Edited by Stephen E. Woolworth
This book, and its sequel, are a collection of essays about U. S. Grant and his officers. This book covers the early part of the war, up to the triumph at Vicksburg. Each essay covers a single man and his relations with Grant.
- W. T. Sherman – Grant’s right hand man. Their relationship began when Sherman worked in the rear to forward men to Grant at Ft. Henry and Donelson. Two very different kinds of men but they fit together well.
- W. H. L Wallace – A ‘political’ General that began to fit in well with Grant’s team until his death at Shiloh.
- C. F. Smith – A former commander of Grant’s, he worked well with Grant when Grant was promoted over his head. This selfless working out a potential problem always impressed Grant. A septic wound after Donelson ended up costing him his life before Shiloh.
- Lew Wallace – He made a mistake marching to Shiloh, but his real trouble was that he was promoted too early and outranked many of Grant’s more reliable generals and was pushed aside after Shiloh.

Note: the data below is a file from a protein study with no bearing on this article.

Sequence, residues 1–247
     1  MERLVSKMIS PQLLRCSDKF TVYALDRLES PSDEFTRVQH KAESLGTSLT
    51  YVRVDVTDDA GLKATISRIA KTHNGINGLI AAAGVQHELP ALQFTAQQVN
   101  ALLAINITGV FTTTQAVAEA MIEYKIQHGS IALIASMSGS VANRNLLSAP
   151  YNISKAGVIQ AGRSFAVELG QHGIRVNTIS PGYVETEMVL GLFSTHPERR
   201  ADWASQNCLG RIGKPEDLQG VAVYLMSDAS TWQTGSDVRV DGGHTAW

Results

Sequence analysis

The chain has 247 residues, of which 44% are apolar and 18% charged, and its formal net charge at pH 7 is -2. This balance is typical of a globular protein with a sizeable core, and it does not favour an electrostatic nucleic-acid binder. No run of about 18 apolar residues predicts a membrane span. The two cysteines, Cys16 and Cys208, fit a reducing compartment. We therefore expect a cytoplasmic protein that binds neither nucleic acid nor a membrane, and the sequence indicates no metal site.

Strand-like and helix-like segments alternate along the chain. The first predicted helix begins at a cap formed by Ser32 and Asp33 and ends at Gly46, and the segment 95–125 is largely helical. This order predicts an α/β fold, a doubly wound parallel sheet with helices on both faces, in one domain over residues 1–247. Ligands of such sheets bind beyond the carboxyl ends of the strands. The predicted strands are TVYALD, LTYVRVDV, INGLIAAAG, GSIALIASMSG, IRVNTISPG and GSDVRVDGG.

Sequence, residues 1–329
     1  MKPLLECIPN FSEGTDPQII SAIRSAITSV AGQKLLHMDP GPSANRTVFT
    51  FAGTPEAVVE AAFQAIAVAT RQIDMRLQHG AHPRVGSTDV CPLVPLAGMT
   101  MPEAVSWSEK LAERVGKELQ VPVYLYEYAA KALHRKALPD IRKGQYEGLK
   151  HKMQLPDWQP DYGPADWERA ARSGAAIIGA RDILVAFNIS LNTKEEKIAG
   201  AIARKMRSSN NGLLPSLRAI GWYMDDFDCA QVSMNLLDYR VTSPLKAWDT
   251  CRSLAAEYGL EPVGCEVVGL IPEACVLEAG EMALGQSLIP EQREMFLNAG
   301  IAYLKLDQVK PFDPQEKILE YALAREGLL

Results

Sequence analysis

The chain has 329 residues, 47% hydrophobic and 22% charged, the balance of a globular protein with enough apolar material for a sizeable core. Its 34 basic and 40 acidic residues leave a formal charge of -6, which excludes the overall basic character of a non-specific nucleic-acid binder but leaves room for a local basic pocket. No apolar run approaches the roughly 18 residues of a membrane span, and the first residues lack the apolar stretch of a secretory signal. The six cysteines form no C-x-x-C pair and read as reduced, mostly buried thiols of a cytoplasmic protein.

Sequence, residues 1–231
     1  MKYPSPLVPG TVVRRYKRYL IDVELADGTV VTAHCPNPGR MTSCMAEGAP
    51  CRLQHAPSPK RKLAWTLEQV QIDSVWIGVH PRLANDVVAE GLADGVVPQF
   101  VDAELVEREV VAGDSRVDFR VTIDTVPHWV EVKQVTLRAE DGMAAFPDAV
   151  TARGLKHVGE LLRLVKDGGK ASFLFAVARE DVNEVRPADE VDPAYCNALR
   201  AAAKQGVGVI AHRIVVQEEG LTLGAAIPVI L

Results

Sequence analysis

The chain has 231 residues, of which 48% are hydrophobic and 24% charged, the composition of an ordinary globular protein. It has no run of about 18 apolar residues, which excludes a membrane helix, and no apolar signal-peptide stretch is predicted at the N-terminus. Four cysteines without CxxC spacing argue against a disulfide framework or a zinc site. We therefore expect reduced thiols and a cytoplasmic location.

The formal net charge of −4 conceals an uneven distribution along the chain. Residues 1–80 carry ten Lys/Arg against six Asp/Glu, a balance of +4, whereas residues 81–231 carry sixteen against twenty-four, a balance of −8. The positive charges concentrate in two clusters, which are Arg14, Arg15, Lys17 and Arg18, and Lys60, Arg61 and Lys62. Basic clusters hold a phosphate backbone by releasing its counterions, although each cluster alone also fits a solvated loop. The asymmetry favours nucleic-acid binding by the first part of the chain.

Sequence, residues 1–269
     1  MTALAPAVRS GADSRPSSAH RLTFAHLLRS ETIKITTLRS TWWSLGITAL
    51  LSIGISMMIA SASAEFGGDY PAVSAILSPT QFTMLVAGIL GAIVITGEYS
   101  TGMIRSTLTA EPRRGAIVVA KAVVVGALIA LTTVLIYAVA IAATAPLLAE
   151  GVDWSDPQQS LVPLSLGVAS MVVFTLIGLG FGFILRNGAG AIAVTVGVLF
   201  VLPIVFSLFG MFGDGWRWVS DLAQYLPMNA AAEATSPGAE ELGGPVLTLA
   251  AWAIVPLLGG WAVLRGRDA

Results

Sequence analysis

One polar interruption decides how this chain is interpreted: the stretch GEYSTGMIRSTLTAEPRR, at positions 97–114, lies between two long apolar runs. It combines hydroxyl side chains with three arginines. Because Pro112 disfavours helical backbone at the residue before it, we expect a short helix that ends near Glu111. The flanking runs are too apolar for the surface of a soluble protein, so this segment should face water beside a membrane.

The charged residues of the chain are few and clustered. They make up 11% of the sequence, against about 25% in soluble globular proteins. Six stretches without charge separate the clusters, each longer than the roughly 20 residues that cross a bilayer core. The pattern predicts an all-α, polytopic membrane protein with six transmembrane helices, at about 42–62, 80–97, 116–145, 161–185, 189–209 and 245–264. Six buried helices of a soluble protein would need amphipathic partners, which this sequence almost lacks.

- Andrew Hull Foote, USN – An old salt exiled to the river war, he worked well with Grant to open up the Cumberland and Tennessee Rivers.
- William S. Rosecrans – An uneven General who somehow managed to annoy every superior, Rosey also managed to tick off Grant. His open critiques of others when his own record was not clean rubbed Grant the wrong way as he liked to keep matters in the family. His promotion to lead the Army of the Cumberland was a relief to both.
- John McClernand – Known to history as an incompetent, this does McClernand an injustice. He was a decent commander, but his political games kept him from fitting into the family of ‘Grant’s Men’ and his lust for fame at other’s expense caused more trouble. His high rank also was a problem, like Wallace. Grant eventually maneuvered him into a violation of rules and got him fired.
- James McPherson – A young protege who was developing fast before his death before Atlanta in 1864.
- David Dixon Porter, USN – Another Navy man who worked well with Grant in and around Vicksburg.
- Grenville Dodge – an interesting fellow who held the rear during the Vicksburg campaign around Memphis and ran a first rate spy operation as well.
- Peter Osterhaus – a “German’ officer put in command of a non-German unit but did well and was increasingly trusted by Grant because he just did his job well.
There are a lot of interesting new insights in this slim book even to an old Civil War pro like me. A very nice book.